To determine the effect of public and private health expenditure on health outcomes in Latin American and Caribbean countries from 2000 to 2019.
A health production function was used, wherein life expectancy at birth and infant mortality rate were considered as indicators of health outcomes. Panel data econometrics were applied, using data from a 33-country sample for the period from 2000 to 2019.
According to estimates, a 1% increase in public health expenditure is associated with a 0.019% increase in life expectancy, and a 1% increase in private health expenditure increases life expectancy by 0.023%. At the same time, a 1% increase in public health expenditure reduces the infant mortality rate by -0.168%, whereas the effect of private health expenditure on infant mortality is not statistically significant.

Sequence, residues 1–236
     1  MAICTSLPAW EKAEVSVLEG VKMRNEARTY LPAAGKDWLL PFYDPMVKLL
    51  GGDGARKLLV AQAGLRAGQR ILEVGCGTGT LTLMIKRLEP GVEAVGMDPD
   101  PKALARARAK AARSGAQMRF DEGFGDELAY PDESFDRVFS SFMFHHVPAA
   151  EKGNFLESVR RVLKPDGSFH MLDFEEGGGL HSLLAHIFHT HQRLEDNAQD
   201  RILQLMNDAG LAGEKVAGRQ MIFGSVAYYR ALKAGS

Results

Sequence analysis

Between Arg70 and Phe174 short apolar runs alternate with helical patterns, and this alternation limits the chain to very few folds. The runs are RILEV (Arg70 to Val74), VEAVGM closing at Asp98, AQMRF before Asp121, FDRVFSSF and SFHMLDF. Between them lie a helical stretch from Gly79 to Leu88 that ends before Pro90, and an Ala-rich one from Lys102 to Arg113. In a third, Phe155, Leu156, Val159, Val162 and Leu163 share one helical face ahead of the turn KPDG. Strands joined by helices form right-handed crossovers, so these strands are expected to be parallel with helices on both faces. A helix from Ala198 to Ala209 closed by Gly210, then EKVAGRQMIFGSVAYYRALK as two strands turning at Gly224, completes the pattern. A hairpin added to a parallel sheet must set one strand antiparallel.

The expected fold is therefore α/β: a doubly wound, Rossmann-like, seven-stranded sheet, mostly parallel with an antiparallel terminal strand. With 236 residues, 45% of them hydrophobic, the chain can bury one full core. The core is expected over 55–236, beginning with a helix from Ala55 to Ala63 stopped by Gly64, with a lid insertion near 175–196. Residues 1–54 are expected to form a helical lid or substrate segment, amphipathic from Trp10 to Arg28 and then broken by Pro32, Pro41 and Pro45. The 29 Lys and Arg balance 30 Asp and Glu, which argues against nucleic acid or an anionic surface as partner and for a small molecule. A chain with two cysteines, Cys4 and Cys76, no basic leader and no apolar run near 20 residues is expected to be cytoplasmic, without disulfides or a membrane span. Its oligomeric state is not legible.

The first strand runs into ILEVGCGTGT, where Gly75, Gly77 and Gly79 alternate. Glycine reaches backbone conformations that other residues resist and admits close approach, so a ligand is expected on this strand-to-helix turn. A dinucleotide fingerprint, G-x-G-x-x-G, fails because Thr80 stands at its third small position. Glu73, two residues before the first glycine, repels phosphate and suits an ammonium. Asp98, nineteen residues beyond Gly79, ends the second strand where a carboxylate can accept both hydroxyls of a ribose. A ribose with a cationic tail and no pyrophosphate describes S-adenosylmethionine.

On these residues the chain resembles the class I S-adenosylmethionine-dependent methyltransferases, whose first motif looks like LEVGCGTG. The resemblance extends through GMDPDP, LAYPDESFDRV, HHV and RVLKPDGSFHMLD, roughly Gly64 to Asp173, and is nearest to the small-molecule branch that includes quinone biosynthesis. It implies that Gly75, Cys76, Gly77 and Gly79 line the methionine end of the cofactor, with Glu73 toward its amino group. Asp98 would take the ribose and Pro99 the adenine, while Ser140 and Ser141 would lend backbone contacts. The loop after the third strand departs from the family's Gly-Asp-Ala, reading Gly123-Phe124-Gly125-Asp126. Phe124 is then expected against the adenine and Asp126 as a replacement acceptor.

The results provide evidence of the effect of public health expenditure in reducing infant mortality and increasing life expectancy, while private health expenditure has a positive effect only on the latter metric. The findings have important political implications for the countries of the Region in the post-pandemic context of limited fiscal space.